Abstract [en]

In recent years the need for testing, calibration and certification of automotive components and powertrains have increased, partly due to the development of new hybrid concepts. At the same time, the development within electrical drives enables more versatile chassis dynamometer setups with better accuracy at a reduced cost. We are developing a new chassis dynamometer laboratory for vehicle research, aiming at extending a recently commercially available dynamometer, building a new laboratory around it, and applying the resulting facility to some new challenging vehicle research problems. The projects are enabled on one hand by collaboration with the dynamometer manufacturer, and on the other hand on collaboration with automotive industry allowing access to relevant internal information and equipment. The test modes of the chassis dynamometer are under development in a joint collaboration with the manufacturer. The laboratory has been operational since September 2011 and has already been used for NVH-analysis for a tire pressure indication application, chassis dynamometer road force co-simulation with a moving base simulator, co-surge modeling and control for a 6-cylinder bi-turbo engine, and traditional engine mapping. We are also looking at projects with focus on look-ahead control, as well as clutch and transmission modeling and control, and driving cycle related research.

National Category
Engineering and Technology
Identifiers
urn:nbn:se:liu:diva-92212 (URN)10.4271/2013-01-0402 (DOI)
Available from: 2013-05-08 Created: 2013-05-08 Last updated: 2017-12-06Bibliographically approved
2. Vehicle Powertrain Test Bench Co-Simulation with a Moving Base Simulator Using a Pedal Robot
Open this publication in new window or tab >>Vehicle Powertrain Test Bench Co-Simulation with a Moving Base Simulator Using a Pedal Robot
2013 (English)In: SAE International Journal of Passenger Cars - Electronic and Electrical Systems, ISSN 1946-4614, E-ISSN 1946-4622, Vol. 6, no 1, 169-179 p.Article in journal (Refereed) Published
Abstract [en]

To evaluate driver perception of a vehicle powertrain a moving base simulator is a well-established technique. We are connecting the moving base simulator Sim III, at the Swedish National Road and Transport Research Institute with a newly built chassis dynamometer at Vehicular Systems, Linköping University. The purpose of the effort is to enhance fidelity of moving base simulators by letting drivers experience an actual powertrain. At the same time technicians are given a new tool for evaluating powertrain solutions in a controlled environment. As a first step the vehicle model from the chassis dynamometer system has been implemented in Sim III. Interfacing software was developed and an optical fiber covering the physical distance of 500 m between the facilities is used to connect the systems. Further, a pedal robot has been developed that uses two linear actuators pressing the accelerator and brake pedals. The pedal robot uses feedback loops on accelerator position or brake cylinder pressure and is controlled via an UDP interface. Results from running the complete setup showed expected functionality and we are successful in performing a driving mission based on real road topography data. Vehicle acceleration and general driving feel was perceived as realistic by the test subjects while braking still needs improvements. The pedal robot construction enables use of a large set of cars available on the market and except for mounting the brake pressure sensor the time to switch vehicle is approximately 30 minutes.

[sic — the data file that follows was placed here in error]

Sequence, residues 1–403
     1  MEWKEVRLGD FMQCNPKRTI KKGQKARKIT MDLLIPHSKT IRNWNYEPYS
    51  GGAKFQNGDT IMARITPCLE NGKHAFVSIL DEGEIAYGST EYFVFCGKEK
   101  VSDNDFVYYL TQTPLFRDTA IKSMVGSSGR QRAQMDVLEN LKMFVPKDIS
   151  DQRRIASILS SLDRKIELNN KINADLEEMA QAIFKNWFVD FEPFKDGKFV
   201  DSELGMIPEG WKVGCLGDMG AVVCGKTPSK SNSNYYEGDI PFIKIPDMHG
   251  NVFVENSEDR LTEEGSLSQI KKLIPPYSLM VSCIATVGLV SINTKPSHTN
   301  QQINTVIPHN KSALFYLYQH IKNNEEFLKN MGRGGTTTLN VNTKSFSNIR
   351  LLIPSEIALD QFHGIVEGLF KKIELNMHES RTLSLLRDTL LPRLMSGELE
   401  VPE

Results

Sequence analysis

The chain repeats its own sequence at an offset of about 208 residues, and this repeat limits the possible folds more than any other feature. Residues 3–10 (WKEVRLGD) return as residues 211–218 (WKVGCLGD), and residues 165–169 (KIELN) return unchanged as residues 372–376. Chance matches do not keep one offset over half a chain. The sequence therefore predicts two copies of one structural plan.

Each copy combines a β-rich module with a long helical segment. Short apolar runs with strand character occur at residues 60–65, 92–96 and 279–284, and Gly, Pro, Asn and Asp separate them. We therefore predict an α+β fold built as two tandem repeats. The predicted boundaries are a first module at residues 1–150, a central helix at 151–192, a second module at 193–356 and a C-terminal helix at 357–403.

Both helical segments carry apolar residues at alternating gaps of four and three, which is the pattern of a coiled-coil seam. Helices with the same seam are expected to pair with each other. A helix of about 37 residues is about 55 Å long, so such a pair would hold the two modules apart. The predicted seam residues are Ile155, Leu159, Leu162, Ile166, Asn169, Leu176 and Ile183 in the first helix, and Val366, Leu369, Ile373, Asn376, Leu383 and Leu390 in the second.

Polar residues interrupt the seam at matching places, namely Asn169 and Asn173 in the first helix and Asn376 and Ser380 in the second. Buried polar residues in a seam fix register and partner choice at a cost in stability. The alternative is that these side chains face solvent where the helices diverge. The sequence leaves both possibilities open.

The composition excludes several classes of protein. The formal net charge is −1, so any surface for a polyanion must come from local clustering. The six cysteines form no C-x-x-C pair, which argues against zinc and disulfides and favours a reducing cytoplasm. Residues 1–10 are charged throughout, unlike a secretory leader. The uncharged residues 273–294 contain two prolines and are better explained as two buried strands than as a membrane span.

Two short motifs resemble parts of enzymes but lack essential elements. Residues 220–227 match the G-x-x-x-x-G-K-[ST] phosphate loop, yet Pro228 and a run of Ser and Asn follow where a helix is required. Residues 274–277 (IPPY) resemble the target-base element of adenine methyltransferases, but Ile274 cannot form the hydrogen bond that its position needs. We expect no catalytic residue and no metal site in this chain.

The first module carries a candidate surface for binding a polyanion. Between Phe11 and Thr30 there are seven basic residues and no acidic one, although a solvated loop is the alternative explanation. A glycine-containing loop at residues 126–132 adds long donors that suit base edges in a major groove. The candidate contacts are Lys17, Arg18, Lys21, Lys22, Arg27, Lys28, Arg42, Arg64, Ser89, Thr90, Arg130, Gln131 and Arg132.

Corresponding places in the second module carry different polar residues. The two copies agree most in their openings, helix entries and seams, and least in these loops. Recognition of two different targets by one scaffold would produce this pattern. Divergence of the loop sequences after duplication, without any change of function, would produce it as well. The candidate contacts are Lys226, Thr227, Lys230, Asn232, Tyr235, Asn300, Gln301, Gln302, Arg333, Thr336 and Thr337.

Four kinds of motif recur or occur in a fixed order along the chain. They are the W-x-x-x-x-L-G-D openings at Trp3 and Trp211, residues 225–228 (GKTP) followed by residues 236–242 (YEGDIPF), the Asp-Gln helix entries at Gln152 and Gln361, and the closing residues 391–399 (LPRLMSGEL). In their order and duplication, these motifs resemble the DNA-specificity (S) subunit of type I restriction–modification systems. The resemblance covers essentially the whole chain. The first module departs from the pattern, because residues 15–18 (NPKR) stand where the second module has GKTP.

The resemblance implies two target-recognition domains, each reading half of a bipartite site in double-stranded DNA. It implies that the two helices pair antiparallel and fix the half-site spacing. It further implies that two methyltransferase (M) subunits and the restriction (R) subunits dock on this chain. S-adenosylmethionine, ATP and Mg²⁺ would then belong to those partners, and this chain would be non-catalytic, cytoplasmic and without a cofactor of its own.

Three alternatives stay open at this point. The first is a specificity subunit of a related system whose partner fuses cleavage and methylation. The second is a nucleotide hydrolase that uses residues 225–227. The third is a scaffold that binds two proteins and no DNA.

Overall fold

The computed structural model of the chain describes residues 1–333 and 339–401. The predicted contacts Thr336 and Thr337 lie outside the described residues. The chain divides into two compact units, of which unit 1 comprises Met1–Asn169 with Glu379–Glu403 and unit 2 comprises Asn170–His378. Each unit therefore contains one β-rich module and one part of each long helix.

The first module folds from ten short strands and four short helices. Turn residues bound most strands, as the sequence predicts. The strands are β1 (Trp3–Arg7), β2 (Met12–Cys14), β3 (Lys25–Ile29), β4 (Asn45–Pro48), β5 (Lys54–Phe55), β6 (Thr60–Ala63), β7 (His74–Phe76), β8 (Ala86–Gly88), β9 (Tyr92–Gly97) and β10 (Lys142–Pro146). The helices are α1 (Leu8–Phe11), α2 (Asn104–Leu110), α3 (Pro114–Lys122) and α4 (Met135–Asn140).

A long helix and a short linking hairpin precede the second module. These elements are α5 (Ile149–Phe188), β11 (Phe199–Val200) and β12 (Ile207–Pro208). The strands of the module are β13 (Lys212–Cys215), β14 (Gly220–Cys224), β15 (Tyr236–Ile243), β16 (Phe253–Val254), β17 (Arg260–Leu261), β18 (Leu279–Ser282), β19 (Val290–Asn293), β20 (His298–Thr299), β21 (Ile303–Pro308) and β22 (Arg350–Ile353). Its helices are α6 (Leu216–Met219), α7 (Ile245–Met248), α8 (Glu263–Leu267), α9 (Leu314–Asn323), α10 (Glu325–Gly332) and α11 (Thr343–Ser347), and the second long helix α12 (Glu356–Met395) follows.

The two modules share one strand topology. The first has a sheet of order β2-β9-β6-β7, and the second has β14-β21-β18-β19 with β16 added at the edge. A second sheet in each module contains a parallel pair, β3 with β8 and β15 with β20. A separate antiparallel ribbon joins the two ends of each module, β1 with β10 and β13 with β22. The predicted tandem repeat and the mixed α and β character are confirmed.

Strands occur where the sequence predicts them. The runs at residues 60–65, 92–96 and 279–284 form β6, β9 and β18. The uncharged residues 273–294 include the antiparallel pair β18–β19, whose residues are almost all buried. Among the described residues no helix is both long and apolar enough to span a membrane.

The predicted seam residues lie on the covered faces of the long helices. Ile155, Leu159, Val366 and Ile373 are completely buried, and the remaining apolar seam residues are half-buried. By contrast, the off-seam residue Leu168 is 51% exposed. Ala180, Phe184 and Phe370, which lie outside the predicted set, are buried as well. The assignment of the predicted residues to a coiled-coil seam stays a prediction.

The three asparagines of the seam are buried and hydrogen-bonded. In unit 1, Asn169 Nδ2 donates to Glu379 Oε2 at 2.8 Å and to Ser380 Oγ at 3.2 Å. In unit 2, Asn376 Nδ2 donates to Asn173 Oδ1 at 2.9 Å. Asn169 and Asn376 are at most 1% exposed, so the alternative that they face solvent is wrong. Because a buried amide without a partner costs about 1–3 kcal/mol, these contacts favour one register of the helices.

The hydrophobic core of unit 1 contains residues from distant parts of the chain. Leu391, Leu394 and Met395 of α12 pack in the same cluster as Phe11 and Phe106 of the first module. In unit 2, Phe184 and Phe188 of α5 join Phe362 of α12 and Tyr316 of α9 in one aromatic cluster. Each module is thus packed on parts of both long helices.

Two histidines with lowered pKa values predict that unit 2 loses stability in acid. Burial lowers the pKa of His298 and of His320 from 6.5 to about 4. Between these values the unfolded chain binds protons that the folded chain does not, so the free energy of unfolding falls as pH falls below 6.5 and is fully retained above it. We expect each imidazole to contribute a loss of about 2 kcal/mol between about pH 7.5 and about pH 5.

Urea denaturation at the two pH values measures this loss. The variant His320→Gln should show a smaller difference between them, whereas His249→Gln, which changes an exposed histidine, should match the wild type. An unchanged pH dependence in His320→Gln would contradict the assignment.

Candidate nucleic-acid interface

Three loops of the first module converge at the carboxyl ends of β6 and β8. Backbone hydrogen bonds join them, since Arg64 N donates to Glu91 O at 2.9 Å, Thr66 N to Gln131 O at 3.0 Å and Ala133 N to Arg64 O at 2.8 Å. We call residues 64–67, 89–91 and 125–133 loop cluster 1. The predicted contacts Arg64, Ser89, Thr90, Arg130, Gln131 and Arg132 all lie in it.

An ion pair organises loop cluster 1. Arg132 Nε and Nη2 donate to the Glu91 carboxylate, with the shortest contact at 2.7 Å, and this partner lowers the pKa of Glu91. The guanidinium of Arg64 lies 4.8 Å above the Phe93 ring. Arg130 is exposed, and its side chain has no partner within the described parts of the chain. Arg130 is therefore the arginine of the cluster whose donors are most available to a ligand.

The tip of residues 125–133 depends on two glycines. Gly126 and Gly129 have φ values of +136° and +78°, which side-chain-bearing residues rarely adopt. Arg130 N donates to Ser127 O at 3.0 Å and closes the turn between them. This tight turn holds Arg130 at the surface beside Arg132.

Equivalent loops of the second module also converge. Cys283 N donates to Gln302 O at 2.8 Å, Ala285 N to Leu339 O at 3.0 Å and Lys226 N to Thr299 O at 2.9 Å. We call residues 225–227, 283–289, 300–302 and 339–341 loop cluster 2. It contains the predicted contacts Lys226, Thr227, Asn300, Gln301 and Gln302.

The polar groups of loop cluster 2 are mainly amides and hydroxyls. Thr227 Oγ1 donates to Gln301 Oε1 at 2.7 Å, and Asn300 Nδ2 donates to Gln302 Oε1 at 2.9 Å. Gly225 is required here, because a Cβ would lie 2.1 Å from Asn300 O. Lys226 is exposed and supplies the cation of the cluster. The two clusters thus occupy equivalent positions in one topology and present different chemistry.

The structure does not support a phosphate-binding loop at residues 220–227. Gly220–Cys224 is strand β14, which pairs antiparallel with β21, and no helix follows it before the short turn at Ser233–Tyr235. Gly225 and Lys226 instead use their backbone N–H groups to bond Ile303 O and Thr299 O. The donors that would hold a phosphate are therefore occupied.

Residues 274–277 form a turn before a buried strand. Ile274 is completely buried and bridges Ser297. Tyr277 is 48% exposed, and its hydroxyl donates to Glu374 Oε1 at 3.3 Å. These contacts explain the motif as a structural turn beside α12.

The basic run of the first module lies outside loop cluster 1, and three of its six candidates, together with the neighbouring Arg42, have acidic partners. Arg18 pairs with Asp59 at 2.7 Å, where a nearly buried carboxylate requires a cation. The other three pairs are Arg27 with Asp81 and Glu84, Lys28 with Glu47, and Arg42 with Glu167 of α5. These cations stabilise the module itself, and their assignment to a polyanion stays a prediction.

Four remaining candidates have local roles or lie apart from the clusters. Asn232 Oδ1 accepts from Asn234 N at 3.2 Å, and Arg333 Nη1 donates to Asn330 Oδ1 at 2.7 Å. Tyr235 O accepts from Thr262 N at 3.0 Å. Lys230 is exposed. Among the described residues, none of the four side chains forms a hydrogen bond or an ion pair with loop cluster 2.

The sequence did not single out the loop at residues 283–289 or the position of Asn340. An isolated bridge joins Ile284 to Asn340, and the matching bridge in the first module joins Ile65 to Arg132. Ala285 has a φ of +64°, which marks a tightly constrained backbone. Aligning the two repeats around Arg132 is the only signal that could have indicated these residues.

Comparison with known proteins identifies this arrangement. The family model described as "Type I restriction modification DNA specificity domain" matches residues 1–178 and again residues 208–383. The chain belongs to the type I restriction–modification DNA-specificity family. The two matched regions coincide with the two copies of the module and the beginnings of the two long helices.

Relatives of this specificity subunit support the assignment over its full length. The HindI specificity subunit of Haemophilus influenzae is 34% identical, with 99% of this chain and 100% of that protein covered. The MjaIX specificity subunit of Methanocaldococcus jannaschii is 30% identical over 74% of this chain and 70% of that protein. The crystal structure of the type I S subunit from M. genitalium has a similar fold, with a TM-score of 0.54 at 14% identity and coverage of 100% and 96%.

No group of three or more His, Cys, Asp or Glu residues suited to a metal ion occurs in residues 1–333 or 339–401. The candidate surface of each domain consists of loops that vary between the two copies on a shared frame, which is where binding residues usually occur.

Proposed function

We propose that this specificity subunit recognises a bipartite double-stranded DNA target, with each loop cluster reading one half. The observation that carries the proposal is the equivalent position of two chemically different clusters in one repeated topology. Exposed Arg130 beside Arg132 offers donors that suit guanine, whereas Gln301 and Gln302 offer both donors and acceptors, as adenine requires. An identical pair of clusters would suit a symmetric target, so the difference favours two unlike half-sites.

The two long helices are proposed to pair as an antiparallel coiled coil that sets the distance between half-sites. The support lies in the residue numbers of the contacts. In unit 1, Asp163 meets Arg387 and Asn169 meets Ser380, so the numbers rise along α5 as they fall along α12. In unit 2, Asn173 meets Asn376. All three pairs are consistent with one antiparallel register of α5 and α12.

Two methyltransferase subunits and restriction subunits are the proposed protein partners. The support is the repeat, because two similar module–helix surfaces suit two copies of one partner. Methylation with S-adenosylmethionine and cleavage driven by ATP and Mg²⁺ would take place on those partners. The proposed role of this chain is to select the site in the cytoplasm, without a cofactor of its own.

National Category
Engineering and Technology
Identifiers
urn:nbn:se:liu:diva-92215 (URN)10.4271/2013-01-0410 (DOI)
Available from: 2013-05-08 Created: 2013-05-08 Last updated: 2017-12-06Bibliographically approved
3. Using Real-World Driving Databases to Generate Driving Cycles with Equivalence Properties
Open this publication in new window or tab >>Using Real-World Driving Databases to Generate Driving Cycles with Equivalence Properties
2016 (English)In: IEEE Transactions on Vehicular Technology, ISSN 0018-9545, E-ISSN 1939-9359, Vol. 65, no 6, 4095-4105 p.Article in journal (Refereed) Published
Abstract [en]